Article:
Those Marvel superheroes perhaps deemed not "big" enough for their own stand-alone feature-length films are getting the next best thing: their own television series, as Marvel and Netflix have joined forces to develop four individual, character-based series that will eventually lead to an "Avengers"-style small-screen team-up.
The first series will focus on the Man Without Fear himself, "Daredevil," followed by "Jessica Jones," "Iron Fist" and "Luke Cage." Taking place primarily in the gritty world of Hell's Kitchen, the epic interweaving story will unfold over multiple years of original programming before culminating into a "The Defenders" mini-series that brings together the dream team of New York's finest superheroes.
The series deal marks Marvel's most ambitious foray into live-action TV storytelling to date, following a so far successful warm-up into the medium with ABC's "Agents of S.H.I.E.L.D." It also further strengthens Netflix's claim in the world of original television programming as the success of such exclusive series as "House of Cards" and "Orange Is the New Black" is turning the streaming media provider into a TV network to be reckoned with.
It's nice to see Daredevil finally being given another chance to connect with Marvel fans following the mediocre 2003 feature film starring Ben Affleck, Jennifer Garner, Michael Clarke Duncan, Colin Farrell, and future Marvel mogul Jon Favreau. Matt Murdock, a blind lawyer who fights for justice in the courtroom during the day and as a masked vigilante on the street at night, was created by Marvel writer-editor Stan Lee and artist Bill Everett and first appeared in "Daredevil" #1 (April 1964).
Luke Cage is a Marvel favorite that's long overdue for a live-action incarnation. Carl Lucas was wrongfully sent to the big house, where he agreed to undergo an experimental procedure in exchange for parole. The experiment was supposed to give him immunity to all illnesses but instead gave him steel-hard skin and superhuman strength, where upon he reinvented himself as "Luke Cage," a sort of super-enhanced private detective ... or, rather, a 'hero for hire,' as he calls himself.
Director John Singleton had been attached to a "Luke Cage" feature film for several years before the rights to the character reverted back to Marvel Studios in May 2013. Cage was created by writer Archie Goodwin and artists George Tuska and John Romita, Sr. and first appeared in "Luke Cage, Hero for Hire" #1 (June 1972).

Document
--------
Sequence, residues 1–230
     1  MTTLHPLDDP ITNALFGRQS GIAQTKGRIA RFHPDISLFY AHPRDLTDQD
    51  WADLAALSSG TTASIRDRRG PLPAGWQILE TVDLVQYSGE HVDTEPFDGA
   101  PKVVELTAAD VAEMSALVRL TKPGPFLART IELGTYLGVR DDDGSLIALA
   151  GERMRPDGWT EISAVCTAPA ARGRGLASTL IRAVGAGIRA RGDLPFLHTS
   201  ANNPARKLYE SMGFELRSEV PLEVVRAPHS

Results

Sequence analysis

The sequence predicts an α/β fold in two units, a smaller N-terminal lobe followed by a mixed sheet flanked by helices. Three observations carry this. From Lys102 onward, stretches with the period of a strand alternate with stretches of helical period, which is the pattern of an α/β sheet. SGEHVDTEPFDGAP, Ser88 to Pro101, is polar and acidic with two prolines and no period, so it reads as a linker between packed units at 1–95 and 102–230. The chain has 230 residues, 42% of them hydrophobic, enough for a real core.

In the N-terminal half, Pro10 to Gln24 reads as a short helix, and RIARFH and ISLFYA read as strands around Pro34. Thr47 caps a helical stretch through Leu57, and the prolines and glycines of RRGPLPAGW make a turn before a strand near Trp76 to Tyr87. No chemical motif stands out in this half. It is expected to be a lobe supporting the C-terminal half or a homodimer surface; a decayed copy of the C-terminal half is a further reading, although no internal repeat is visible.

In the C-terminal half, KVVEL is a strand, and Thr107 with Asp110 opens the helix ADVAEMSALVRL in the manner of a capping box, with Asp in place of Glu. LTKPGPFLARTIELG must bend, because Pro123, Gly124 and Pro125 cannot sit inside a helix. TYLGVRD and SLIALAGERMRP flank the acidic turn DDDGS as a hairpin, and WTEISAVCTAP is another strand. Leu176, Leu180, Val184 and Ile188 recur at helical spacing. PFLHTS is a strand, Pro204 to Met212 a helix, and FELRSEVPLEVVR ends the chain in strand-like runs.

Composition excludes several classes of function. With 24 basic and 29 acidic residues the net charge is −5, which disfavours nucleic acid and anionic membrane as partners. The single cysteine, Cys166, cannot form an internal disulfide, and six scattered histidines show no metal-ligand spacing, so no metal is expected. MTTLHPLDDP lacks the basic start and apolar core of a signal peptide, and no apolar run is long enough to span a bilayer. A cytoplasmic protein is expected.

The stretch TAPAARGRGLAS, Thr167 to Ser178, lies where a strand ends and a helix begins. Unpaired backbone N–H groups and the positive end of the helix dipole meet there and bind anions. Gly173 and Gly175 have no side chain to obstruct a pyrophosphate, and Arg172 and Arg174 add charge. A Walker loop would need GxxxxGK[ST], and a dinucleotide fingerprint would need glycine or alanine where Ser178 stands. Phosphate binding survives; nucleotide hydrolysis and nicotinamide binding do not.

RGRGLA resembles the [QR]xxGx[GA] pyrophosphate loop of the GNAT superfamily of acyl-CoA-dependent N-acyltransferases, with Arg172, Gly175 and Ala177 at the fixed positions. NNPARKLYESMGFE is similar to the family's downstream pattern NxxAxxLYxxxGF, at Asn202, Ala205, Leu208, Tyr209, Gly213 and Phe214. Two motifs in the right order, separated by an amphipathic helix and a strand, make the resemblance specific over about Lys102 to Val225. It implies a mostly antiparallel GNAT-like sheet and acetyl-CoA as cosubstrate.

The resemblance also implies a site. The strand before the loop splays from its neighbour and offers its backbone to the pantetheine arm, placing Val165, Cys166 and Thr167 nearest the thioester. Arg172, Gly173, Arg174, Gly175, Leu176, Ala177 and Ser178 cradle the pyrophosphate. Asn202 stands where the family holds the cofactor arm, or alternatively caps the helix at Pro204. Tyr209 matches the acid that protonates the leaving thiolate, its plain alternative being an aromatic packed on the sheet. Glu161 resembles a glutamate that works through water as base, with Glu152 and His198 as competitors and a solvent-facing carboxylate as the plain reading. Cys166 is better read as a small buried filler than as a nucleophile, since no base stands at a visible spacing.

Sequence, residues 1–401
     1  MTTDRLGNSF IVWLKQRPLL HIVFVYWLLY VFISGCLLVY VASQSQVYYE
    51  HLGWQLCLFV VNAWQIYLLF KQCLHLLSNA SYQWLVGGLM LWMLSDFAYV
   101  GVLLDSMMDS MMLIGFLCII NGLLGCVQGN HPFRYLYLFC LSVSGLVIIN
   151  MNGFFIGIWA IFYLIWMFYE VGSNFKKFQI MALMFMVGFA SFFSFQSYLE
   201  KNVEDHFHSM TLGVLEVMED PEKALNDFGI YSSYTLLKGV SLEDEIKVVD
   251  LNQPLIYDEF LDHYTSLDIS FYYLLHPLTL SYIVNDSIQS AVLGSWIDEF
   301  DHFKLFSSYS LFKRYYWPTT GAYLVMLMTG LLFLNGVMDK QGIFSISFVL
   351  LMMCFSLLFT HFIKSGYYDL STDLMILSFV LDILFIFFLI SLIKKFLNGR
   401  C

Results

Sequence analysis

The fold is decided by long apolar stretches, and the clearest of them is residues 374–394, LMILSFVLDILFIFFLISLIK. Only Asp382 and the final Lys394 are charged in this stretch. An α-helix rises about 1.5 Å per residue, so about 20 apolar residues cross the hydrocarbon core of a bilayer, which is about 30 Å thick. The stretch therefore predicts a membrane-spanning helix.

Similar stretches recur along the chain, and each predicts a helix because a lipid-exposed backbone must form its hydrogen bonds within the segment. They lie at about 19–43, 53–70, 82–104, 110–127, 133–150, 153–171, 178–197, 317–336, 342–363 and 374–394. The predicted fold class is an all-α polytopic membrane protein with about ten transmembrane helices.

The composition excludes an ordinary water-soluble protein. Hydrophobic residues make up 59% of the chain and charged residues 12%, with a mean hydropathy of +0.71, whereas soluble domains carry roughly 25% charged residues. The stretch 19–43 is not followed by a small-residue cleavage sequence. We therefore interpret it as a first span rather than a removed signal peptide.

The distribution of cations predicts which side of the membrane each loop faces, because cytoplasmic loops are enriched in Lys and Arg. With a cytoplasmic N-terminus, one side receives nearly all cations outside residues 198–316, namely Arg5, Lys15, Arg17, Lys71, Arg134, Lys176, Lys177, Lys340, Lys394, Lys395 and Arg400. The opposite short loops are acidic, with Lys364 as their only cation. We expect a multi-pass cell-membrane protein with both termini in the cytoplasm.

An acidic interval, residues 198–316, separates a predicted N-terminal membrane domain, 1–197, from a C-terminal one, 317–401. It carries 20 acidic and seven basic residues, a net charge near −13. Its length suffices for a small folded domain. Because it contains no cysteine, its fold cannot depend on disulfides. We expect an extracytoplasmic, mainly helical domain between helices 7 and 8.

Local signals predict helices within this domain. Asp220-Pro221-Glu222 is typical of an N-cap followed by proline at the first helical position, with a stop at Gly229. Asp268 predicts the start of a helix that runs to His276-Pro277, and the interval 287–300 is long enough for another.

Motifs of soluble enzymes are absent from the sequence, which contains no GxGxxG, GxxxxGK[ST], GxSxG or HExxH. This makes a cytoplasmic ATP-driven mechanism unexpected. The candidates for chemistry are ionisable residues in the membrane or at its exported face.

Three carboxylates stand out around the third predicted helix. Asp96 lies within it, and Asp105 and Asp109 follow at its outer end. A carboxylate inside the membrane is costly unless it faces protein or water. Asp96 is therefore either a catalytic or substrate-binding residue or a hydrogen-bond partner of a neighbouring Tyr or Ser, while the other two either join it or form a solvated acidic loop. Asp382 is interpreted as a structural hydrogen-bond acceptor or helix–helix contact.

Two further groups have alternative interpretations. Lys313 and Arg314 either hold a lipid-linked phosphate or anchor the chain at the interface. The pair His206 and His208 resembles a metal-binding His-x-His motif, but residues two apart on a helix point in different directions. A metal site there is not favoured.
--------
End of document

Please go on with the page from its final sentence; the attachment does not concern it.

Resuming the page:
In the comics, Luke Cage eventually forms a partnership with Danny Rand-K'ai, a martial artist also known as Iron Fist, a character created by Roy Thomas and Gil Kane and who first appeared in "Marvel Premiere" #15 (May 1974). Ray Park became attached to star in an "Iron Fist" feature film way back in May 2000 though the project wallowed in false starts for the better part of a decade.
Finally, Jessica Jones is a relatively new addition to the Marvel universe, created by writer Brian Michael Bendis and artist Michael Gaydos and making her debut in "Alias" #1 (Nov. 2001). A former superheroine previously known under such monikers as Jewel and Knightress, Jones retired from costumed crimefighting and became the owner and sole employee of Alias Private Investigations.
Jessica was given a fun retro origin story -- in high school she had a crush on Peter Parker, though her plan to finally ask him out was foiled by him being distracted by a certain radioactive spider bite. Jones was also the on-again, off-again love interest of Luke Cage.
Netflix has committed to a minimum of 13 episodes for each of the four series, with the multi-tiered story set to commence sometime in 2015. Meanwhile, you can catch the latest chapter of the ever-expanding Marvel Cinematic Universe on the big screen this weekend with the release of "Thor: The Dark World."